http://dx.doi.org/10.7577/pp.557

The Field of Social Regulation: How the State Creates a Profession

Kerstin Svensson, Karsten Åström

Abstract

This article describes the process of professionalisation in the field of social control in Sweden. The aim is to analyse how the state by legislation created the profession of social workers for local social services and thus for social control by public administration. We show how organisations for social work have developed and played an important role since the 19th century and that social investigation should be seen as a hub for the practice. The work now mediated though professional organisations was initially performed by volunteers. In the early 20th century, volunteers and employed social workers cooperated, where social investigation was a central task for social workers. In the 1960s and ‘70s, more social workers were educated, the importance of social investigation was highlighted, and volunteers became subordinated to paid social workers. The legal professions have throughout the process had a role in making decisions, but not in the performance of investigating or executing procedures.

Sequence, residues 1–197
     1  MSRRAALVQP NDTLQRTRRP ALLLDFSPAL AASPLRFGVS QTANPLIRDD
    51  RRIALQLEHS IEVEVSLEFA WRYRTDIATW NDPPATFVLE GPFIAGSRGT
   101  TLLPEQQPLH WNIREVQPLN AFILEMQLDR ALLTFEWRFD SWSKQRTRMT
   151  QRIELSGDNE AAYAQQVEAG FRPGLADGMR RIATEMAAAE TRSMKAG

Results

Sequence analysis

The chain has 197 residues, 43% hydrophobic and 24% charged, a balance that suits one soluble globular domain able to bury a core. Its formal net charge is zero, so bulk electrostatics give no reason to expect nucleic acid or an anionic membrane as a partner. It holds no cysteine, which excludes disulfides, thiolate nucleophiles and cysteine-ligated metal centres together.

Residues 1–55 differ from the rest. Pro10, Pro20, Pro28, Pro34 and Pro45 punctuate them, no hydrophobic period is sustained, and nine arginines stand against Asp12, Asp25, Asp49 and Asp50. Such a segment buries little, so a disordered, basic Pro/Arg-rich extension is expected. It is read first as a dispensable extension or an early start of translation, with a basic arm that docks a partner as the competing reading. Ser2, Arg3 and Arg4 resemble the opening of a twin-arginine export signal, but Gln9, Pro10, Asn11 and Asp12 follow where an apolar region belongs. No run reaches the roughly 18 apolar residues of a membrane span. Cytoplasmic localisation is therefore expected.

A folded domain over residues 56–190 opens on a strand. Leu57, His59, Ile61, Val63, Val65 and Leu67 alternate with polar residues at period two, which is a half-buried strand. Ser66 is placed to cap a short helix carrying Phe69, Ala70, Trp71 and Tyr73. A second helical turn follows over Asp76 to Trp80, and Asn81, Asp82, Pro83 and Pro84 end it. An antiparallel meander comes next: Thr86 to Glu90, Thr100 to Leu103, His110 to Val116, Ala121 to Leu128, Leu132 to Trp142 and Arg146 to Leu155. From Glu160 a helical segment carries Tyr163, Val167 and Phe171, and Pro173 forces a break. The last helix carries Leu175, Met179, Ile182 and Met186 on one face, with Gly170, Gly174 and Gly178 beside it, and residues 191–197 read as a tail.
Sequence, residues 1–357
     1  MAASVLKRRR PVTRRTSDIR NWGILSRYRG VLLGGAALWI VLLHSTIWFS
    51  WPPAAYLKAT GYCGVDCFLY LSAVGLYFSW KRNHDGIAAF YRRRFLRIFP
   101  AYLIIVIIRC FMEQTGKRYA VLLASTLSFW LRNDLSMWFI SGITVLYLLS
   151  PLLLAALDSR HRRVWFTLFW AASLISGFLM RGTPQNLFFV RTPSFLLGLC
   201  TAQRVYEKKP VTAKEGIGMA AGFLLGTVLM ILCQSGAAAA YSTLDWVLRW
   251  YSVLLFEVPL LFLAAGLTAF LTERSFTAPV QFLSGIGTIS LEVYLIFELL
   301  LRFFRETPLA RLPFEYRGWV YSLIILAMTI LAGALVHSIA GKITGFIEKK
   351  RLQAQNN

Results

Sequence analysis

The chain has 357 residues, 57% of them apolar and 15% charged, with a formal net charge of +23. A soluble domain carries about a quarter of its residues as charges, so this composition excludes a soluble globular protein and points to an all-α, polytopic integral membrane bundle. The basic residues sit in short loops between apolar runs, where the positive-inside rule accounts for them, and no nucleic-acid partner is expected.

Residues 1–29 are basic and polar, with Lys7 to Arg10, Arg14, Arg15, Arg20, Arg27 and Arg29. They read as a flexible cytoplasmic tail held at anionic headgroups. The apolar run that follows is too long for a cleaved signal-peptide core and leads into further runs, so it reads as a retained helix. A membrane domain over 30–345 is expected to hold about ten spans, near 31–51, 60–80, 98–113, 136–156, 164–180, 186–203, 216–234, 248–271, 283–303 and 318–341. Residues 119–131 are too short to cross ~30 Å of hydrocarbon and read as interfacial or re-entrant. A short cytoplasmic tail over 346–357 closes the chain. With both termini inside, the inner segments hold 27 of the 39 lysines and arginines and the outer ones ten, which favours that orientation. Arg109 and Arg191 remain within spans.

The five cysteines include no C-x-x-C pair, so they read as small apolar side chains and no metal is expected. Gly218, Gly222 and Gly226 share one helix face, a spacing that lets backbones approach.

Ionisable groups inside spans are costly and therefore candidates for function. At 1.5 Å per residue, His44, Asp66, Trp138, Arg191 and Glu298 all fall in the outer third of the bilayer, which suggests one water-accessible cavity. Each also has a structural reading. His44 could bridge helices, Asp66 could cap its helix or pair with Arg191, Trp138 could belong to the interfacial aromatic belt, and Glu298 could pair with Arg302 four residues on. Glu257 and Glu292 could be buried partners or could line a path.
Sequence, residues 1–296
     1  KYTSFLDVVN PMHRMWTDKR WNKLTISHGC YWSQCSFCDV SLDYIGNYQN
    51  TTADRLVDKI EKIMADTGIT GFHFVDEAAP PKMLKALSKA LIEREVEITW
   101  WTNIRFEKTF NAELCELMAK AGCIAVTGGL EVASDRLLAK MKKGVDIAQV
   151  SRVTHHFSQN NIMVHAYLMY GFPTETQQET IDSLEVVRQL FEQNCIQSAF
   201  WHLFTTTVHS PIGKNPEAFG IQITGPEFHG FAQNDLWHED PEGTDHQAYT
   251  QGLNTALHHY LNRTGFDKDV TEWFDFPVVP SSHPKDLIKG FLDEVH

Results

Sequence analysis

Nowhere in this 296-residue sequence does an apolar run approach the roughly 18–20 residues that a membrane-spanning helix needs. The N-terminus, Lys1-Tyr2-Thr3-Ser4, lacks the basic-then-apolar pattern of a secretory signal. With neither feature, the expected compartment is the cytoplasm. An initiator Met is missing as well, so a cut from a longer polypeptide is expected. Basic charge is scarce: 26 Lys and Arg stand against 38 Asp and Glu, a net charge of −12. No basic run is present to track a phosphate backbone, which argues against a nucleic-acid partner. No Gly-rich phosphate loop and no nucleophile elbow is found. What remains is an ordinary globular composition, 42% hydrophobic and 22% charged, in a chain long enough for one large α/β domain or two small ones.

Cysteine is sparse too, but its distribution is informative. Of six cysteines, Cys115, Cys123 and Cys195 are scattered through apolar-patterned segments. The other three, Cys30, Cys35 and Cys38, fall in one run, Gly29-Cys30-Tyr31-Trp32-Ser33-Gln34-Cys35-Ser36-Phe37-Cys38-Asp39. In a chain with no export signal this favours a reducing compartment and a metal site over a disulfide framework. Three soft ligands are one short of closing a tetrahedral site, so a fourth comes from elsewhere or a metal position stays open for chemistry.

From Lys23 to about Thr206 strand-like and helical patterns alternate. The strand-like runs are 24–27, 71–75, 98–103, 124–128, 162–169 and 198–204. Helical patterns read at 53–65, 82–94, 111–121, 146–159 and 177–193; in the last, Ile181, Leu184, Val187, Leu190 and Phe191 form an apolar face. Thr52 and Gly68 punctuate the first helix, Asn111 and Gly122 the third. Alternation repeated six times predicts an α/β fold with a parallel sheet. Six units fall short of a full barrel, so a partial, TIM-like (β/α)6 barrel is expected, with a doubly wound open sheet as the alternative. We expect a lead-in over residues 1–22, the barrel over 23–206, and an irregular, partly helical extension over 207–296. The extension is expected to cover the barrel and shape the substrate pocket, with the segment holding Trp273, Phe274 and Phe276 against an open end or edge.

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Copyright (c) 2013 Kerstin Svensson, Karsten Åström

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This work is licensed under a Creative Commons Attribution 4.0 International License.